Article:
Whether it’s establishing the right of gay and lesbian couples to marry, defending the property rights of Fannie Mae and Freddie Mac shareholders, or proving that the federal government’s takeover of a global insurance company was unlawful, our lawyers have been at the forefront of some of the most significant constitutional issues of our time at both the state and federal levels.
With a particular emphasis in resolving business disputes that involve constitutional questions, we represent corporations, trade associations, states, government officials, individuals, and public interest groups, often on a pro bono basis, in diverse challenges to—and defenses of—legislation and state action. The firm’s work in this area frequently involves formulating innovative legal theories, advising clients on the constitutional implications of new legislation, and trying cases in courts across the country. We frequently handle appeals involving constitutional issues, including in the U.S. Supreme Court, and often file amicus briefs as well. Among the lawyers on our team, we count dozens of former clerks in federal and state appellate courts, including former U.S. Supreme Court clerks.
One of the keys to our strength in litigating constitutional cases lies in the fact that we are a firm of trial lawyers. We are especially effective at crafting innovative legal arguments by bringing to bear all available facts in addressing the constitutional principles at stake. For example, when pundits gave us no chance of convincing a federal court that the U.S. government acted illegally when it took an 80 percent equity stake in American International Group (AIG) during the 2008 financial crisis, we did just that. Our unconventional approach won that case against the U.S. Treasury and the Federal Reserve Bank of New York, with a decision that the takeover was an illegal exaction under the Fifth Amendment.
We have handled numerous property rights cases under the Takings Clause, including cases involving the federal government’s misappropriation of trade secrets, its seizure of a savings and loan association, and its elimination of the economic rights of private shareholders in Fannie Mae and Freddie Mac. We have litigated Takings Clause cases against state and local governments, including in a “post-Kelo” case where we obtained a temporary injunction against the termination of outdoor advertising rights.
Our lawyers have litigated numerous First Amendment cases in areas as diverse as campaign finance, advertising and defamation, and we have substantial experience representing states against constitutional challenges – and businesses and pro bono clients bringing such cases – including under the Equal Protection Clause, the dormant Commerce Clause, and the Due Process Clause. We also regularly litigate Supremacy Clause preemption issues.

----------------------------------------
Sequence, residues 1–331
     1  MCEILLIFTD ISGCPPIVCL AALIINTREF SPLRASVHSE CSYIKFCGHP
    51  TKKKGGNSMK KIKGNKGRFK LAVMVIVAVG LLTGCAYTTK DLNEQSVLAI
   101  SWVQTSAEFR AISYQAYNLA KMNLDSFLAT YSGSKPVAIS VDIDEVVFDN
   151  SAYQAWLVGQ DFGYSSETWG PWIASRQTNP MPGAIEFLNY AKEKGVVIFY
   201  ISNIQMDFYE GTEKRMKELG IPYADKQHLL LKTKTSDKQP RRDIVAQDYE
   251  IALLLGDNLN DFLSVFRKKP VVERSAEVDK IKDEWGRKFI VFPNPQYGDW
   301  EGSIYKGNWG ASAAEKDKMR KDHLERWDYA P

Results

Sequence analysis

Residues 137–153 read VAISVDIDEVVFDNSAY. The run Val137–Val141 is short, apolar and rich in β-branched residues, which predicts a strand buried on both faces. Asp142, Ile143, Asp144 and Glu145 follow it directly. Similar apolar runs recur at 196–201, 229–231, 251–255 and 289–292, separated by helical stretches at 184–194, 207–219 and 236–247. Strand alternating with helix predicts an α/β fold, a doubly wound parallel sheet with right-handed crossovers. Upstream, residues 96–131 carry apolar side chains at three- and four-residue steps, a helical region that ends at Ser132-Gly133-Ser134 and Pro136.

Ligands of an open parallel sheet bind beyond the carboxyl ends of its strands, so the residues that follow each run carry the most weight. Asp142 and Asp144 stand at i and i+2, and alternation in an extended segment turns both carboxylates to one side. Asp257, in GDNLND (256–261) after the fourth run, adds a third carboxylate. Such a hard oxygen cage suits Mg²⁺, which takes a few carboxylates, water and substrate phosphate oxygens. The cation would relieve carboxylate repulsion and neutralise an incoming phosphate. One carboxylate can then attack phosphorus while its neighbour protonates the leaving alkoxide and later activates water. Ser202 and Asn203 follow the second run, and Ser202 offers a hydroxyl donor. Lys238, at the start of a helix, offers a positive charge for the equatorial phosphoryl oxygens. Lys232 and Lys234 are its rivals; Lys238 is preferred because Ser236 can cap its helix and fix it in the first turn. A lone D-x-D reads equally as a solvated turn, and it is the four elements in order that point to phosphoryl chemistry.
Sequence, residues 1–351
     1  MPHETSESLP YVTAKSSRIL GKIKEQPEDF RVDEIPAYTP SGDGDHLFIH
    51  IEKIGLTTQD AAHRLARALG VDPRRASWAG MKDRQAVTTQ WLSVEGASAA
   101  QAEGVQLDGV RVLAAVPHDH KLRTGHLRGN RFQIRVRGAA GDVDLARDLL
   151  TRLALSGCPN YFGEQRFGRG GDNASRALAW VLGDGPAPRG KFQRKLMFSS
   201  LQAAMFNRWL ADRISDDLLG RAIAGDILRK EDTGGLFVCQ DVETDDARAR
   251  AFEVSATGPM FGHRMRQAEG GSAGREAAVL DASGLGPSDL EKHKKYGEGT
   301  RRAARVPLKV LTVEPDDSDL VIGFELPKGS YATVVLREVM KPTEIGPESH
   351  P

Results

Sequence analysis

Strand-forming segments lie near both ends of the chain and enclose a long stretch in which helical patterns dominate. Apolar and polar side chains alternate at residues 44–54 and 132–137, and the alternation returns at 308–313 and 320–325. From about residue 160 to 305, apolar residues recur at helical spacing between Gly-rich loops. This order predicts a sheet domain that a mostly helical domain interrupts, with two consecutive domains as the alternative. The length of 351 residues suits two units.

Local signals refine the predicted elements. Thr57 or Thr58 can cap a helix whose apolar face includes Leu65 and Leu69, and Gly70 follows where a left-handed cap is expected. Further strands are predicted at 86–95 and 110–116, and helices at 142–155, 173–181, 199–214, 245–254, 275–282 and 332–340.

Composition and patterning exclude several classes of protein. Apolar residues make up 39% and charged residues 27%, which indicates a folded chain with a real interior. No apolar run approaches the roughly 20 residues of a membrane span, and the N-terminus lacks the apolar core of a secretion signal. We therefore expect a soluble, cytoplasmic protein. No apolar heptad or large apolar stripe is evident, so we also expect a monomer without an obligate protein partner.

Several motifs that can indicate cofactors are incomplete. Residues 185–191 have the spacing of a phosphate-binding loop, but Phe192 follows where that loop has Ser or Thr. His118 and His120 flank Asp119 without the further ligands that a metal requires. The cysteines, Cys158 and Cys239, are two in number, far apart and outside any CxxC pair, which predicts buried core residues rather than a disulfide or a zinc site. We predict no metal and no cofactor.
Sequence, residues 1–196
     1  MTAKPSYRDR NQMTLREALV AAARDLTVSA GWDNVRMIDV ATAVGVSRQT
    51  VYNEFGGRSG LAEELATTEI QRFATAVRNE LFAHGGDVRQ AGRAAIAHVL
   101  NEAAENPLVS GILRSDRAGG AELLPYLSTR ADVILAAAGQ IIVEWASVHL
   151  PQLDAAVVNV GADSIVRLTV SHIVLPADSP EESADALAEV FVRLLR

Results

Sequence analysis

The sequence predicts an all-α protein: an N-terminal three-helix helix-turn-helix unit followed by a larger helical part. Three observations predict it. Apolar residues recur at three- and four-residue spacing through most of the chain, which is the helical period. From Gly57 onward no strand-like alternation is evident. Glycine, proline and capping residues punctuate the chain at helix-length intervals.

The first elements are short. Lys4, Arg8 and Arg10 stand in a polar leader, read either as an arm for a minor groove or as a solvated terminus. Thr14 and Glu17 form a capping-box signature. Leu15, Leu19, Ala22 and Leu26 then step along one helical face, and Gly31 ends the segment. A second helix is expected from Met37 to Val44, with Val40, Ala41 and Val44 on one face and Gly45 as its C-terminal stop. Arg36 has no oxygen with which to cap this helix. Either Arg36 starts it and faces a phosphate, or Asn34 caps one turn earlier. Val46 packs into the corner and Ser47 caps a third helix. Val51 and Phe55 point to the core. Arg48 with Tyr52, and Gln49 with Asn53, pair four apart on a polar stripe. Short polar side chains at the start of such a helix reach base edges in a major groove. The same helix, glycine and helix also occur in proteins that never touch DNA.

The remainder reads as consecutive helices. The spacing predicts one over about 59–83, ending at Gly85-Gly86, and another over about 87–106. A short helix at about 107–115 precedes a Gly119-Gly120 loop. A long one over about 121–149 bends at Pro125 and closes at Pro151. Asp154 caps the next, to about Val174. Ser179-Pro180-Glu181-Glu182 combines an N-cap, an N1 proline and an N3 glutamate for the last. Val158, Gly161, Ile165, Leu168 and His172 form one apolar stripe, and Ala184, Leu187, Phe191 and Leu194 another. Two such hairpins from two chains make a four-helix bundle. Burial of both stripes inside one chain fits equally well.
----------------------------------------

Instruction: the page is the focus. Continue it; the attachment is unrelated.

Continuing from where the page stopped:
At the U.S. Supreme Court, constitutional cases that our lawyers have argued include Bush v. Gore and Pennzoil v. Texaco. We were co-counsel for plaintiffs at trial and on appeal in Perry v. Schwarzenegger, the landmark case that invalidated California’s Proposition 8 and guaranteed marriage equality to same sex-couples nationwide.
We successfully challenged the so-called trigger bans immediately prohibiting abortion in Louisiana on the constitutional theories that they were both void for vagueness and an improper delegation of legislative power, winning the first ruling in the nation preserving women’s access to healthcare and blocking the implementation of a state abortion ban after the Supreme Court’s decision reversing Roe v. Wade.
In 2022, a BSF team won a landmark constitutional decision from the Fifth Circuit on behalf of NextEra, finding that a Texas law facially discriminated against interstate commerce by excluding out-of-state competitors, like NextEra, from participating in competitive bidding on transmission projects in the state. The Fifth Circuit’s decision held that Texas Senate Bill 1938, which gave utilities and other existing transmission owners in Texas the exclusive right to build new transmission lines, flouted the dormant commerce clause, disagreeing with an Eighth Circuit opinion that upheld a similar law in Minnesota.